(Disclaimer: Any links with an * is an affiliate link. Although prices are the same, Mr. Technique, Inc. earns a commission on any purchases made using the link. Read more in our privacy policy)

Gravity Forms - Passing Paypal/Stripe Transaction Fees Back to the Customer
This post was originally published on June 13, 2016, but it has been updated on March 7, 2017 to include an answer to a comment below.

How to Add the Needed Amount to cover Paypal or Stripe Fees

Both Stripe and Paypal process payments for a 2.9% + $.30 fee, and they take their fee off the top. That’s only $3.20 off of a $100 transaction, but what if you process payments of $7500 or more? Paypal or Stripe fees would then be over $200. We don’t mind the fees, but some of our clients do. Once before, a client asked us to make their online payment form pass their Paypal fee back to the customer to pay.  Gravity Forms* is one of our preferred WordPress form plugins, and this particular client’s website uses Gravity Forms with the Paypal Add-On to process their online payments. The techniques that I’m going to show you would work with the Gravity Forms Stripe Add-On as well.

We’re assuming that you have the Stripe or Paypal Gravity Form Add-On activated and configured to process payments. Showing you how to set up these payment processors with Gravity Forms is a topic for another blog post. You should know how to add pricing fields as well.

Let’s get started. Add another product field and select Calculation as the field type as seen in the screenshot below:

Gravity Forms WordPress Form Plugin Calculation Field Type Selected

It’s not checked in the above screenshot, but check the Disable quantity field. Once you select Calculation, you’ll see a formula field pop up. Select your previous product field as your merge tag. For this website, Payment Amount is the name of the previous product field.

Gravity Forms WordPress Plugin Merge Tag Selected

The merge tag will show up in the Formula text area.

Gravity Forms Formula Merge Tag in Text Area

Here’s where the magic happens. You can’t use {Payment Amount:5} * .029 + .3 to account for the transaction fees because all of the transaction fees still won’t be passed to the customer. Side note: the 5 right next to Payment Amount is the form ID, so that number will be different for you. If someone makes a $100 payment on your website, and you have the formula set to the above, the customer will be charged $103.20 ($100 + $2.90 + $.30). Stripe or Paypal will take their fees off of $103.20 (not $100). 2.9% multiplied by $103.20 plus $.30 is $3.29. Subtract $3.29 from $103.20, and you are left with $99.91 which is still less than $100 (the original amount).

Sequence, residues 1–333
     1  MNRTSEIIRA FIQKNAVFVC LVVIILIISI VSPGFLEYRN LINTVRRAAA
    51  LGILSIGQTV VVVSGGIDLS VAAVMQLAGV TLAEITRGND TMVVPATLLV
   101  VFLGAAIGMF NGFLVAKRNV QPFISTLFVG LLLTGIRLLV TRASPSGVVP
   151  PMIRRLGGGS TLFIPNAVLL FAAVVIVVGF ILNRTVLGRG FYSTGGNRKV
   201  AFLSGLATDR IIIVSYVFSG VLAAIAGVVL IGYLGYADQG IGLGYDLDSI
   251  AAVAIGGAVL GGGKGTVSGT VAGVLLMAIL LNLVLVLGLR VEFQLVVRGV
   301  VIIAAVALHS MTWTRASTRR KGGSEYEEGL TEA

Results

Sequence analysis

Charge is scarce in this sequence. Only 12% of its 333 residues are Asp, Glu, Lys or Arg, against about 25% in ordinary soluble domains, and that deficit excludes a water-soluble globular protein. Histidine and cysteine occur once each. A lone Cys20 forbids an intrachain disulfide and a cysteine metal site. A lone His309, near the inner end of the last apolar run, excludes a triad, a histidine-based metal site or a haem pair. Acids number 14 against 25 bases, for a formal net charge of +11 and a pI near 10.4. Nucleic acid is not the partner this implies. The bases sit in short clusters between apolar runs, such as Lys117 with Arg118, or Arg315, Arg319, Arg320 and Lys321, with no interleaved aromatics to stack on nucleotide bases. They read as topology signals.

In this form’s case, to account for the transaction fees, this formula needs to be used:

({Payment Amount:5} + .3) / (1 – .029)

Now if someone makes a payment for $100 on your website, the customer will be charged $103.30. 2.9% multiplied by $103.30 plus $.30 is $3.30. Subtract $3.30 from $103.30, and you’re left with $100.

Make Adding the Transaction Fees Optional

In the comments section, someone asked me if this was possible. She had found the answer in Joe Winter’s Gravity Forms blog post before I had a chance to answer, but I’m posting an answer of my own anyway. To make the transaction fee optional, you would add a checkbox field preferably before the Amount field.

Gravity Forms Checkbox Settings

Next, you’ll go to the Advanced tab of the Payment Amount field with the merge tag. Check Enable Conditional Logic. Select the transaction fee question with the checkbox that you had just created. This question only has one answer, so you can’t select another answer. Performing this step, will have the payment amount field with the transaction fees show only if the visitors checks the checkbox. Your settings should look like the screenshot below:

Gravity Forms Conditional Setting to Display Payment Field with Transaction Fee

Update your form and go to Gravity Forms’ Settings -> Paypal (or Stripe). You’ll need to add another feed so the correct payment amount can be sent to Paypal or Stripe. One feed would be used only if the visitor checked the box to cover the transaction fees. The other feed wouldn’t have any conditional logic, so it’s used if the visitor doesn’t check the box to cover the transaction fees.

Gravity Forms Paypal Feeds

See it in Action

Here’s a dummy form that we created which adds the amount needed to cover the Paypal or Stripe processing fees.

If you found this blog post useful or if you have any questions, please comment below.